In the guide
To fully understand this guidance, it is important to note the difference between the United Kingdom and Great Britain:
- UK: England, Scotland, Wales and Northern Ireland
- GB: England, Scotland and Wales
This guidance is for England, Scotland and Wales
If you are a wholesaler or retailer the steady rise in counterfeit and illegal products available in the UK makes purchasing products increasingly complex.
The implications of purchasing or supplying products that are unsafe are far reaching and in some cases the results can be fatal. With this in mind how can you be sure that products are what they say they are and do what they say they can do?
Many consumer protection laws include 'strict liability' offences where it does not matter that the person accused did not intend to break the law. In order to create a balance of fairness, specific due diligence defences are normally included in strict liability consumer protection laws.
To use this defence a person must prove that they took all reasonable precautions and exercised all due diligence to avoid an offence being committed.
Due diligence principles
These broad principles have been drawn from past views of the courts on what due diligence involves:
- sitting back and doing nothing is unlikely to enable a person to create a defence
- the nature of the necessary action will depend upon the individual circumstances
- taking reasonable steps or precautions involves setting up a system of control that has regard to the risks involved
- all reasonable steps or precautions should be taken; the defence fails where there was a reasonable step or precaution that could have been taken but was not
- what is reasonable depends on the particular circumstances; one factor will be the size of the business concerned
- the control system must cover all aspects of the business affected by the legislation
- due diligence means ensuring the proper operation of the system
- the operation of the system should be kept under review and be amended as necessary
Any due diligence system should be written down so that it can be followed and any issues raised should be coordinated in one department or section, or by one person who has overall responsibility for the system.
A formal quality management system, though only mandatory where you manufacture products such as gas appliances, electrical appliances, cosmetics or personal protective equipment, may be of value in supporting a defence of due diligence. Further advice on quality management systems is available from the Association of British Certification Bodies.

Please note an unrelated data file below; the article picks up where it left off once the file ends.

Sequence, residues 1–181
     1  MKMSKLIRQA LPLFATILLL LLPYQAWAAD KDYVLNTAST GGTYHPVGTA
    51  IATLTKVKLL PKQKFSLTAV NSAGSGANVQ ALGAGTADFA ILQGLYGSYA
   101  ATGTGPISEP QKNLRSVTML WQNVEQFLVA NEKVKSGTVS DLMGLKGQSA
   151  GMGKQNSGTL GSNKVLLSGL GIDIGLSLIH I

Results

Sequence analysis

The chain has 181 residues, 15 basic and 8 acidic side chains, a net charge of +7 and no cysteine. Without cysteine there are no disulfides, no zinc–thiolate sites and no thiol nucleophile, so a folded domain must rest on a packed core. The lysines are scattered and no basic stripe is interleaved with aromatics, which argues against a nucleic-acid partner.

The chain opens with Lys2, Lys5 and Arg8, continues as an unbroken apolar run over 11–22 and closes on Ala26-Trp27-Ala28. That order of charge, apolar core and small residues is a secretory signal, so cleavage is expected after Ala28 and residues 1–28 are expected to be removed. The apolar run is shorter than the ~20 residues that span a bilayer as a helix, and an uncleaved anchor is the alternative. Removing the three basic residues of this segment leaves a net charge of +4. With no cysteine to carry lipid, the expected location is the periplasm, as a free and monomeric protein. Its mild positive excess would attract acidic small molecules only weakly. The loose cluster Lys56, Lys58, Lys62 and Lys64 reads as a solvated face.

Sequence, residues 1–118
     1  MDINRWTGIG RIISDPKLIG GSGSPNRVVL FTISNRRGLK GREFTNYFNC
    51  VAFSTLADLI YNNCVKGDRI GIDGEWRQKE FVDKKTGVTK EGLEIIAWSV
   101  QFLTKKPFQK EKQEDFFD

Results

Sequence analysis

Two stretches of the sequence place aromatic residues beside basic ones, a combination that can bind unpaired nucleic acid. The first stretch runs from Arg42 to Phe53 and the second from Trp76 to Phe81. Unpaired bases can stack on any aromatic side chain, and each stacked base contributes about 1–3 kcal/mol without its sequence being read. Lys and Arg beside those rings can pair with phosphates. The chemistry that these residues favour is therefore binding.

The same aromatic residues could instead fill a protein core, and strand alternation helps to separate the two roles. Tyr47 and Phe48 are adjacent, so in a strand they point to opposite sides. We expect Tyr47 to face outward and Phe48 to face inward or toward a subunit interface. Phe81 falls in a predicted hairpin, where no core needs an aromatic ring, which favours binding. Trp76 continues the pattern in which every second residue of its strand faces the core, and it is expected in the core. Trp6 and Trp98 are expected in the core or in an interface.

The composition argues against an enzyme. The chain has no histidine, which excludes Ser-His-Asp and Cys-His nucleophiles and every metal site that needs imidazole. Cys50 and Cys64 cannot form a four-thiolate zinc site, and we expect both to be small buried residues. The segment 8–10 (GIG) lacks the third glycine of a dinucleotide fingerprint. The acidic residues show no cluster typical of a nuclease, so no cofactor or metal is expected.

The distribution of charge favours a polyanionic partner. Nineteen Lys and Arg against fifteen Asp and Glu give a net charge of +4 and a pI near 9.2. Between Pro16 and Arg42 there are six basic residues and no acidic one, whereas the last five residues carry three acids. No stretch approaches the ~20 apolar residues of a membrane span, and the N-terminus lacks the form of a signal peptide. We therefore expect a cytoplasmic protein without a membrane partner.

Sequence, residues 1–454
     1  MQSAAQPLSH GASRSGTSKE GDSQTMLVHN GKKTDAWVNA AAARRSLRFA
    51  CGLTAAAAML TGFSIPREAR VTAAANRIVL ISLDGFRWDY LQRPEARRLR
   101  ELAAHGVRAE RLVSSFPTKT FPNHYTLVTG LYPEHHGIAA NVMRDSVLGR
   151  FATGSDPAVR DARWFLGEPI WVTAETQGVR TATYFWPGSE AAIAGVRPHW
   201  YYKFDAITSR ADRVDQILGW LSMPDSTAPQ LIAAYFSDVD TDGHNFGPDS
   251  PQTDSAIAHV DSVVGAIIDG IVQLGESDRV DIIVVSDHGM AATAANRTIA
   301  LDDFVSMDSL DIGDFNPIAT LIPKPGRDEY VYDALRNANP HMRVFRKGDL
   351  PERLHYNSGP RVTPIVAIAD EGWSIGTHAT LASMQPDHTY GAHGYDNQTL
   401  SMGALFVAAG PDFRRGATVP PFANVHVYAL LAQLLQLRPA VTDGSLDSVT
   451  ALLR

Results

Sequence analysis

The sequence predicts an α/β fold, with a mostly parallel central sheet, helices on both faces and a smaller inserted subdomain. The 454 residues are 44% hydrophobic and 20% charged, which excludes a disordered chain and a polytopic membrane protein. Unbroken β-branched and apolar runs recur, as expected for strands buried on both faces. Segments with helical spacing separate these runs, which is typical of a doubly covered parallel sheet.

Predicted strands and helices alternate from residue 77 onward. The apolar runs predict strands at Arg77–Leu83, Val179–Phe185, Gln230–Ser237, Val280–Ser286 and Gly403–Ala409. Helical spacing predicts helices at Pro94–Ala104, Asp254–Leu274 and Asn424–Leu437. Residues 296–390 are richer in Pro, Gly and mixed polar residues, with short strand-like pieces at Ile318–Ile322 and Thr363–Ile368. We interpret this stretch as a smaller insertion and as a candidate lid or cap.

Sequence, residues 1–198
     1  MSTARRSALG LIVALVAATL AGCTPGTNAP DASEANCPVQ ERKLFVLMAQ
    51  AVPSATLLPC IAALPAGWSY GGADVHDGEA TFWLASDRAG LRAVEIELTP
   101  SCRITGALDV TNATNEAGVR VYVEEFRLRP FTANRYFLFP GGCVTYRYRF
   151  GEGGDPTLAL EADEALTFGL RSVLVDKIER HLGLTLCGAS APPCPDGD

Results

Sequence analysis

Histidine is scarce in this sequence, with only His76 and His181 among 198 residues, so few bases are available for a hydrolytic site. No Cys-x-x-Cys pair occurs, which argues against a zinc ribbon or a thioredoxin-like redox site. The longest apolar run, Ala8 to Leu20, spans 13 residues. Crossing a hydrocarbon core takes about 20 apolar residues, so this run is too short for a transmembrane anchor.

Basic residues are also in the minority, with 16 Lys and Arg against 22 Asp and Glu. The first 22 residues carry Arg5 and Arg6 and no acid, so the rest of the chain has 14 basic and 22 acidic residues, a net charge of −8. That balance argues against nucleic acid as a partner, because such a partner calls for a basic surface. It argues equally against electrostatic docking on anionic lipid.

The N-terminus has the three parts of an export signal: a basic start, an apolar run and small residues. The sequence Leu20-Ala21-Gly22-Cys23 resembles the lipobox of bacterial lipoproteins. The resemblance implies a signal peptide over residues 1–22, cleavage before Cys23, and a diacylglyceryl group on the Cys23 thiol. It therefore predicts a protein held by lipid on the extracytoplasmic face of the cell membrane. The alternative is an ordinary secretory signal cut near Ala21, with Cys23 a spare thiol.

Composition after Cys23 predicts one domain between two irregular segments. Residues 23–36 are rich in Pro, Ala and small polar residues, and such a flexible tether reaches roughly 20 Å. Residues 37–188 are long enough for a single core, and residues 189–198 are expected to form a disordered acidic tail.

To reduce the risk of purchasing unsafe products always buy from a reputable source and follow the golden rule: if it looks too good to be true, take extra care.Back to top
UKCA, UKNI and CE marking
There is a legal requirement for certain products to be marked with this when placed on the internal UK market. UKCA marking is a key indicator of a product's compliance with UK legislation. By affixing the UKCA mark on a product a manufacturer is declaring conformity with all of the legal requirements to achieve UKCA marking. This may mean that there is more than one set of legal requirements that apply to a product.
For more information on the UKCA mark - as well as the UKNI and CE marks, including transitional arrangements - see 'UKCA / CE marking'.Back to top
So how do you, as a distributor, know that the UKCA mark has been affixed correctly or that the item is safe to be sold in the UK? A formal test report is the best way to verify compliance to a safety standard. There are three basic types of report available:
- an in-house report, which means the product was tested by the manufacturer
- a third party report, which means the product was tested by someone else
- a third party test report issued by an accredited laboratory
All three of these are valid methods of demonstrating safety. However, the accredited test report gives a far higher degree of confidence that the tests have been carried out correctly by competent laboratory staff.
Schemes such as the Kitemark certification can demonstrate that the product has met the applicable standard and that the manufacturer has effective quality control processes in place. In addition both the factory and the product are audited on an ongoing basis to ensure the products that have the mark are safe.
To meet your due diligence requirements:
- buy from a reputable supplier and always obtain an invoice
- make sure the product / packaging is marked with the name and address of the manufacturer or importer
- keep all invoices
- ask to see proof that the product is safe (a test certificate or declaration of conformity)
- inform your supplier about any safety complaints you receive about the product
- for goods qualifying for the interim arrangements (see 'UKCA / CE marking'), documentation demonstrating that they were manufactured or imported under contract before 1 January 2023
For more information on the work of trading standards services - and the possible consequences of not abiding by the law - please see 'Trading standards: powers, enforcement and penalties'.Back to top
In this update
The text explaining UKCA, UKNI and CE marking has been moved to a new guide: 'UKCA / CE marking'.
Last reviewed / updated: July 2022Back to top
This information is intended for guidance; only the courts can give an authoritative interpretation of the law.
The guide's 'Key legislation' links may only show the original version of the legislation, although some amending legislation is linked to separately where it is directly related to the content of a guide. Information on changes to legislation can be found by following the above links and clicking on the 'More Resources' tab.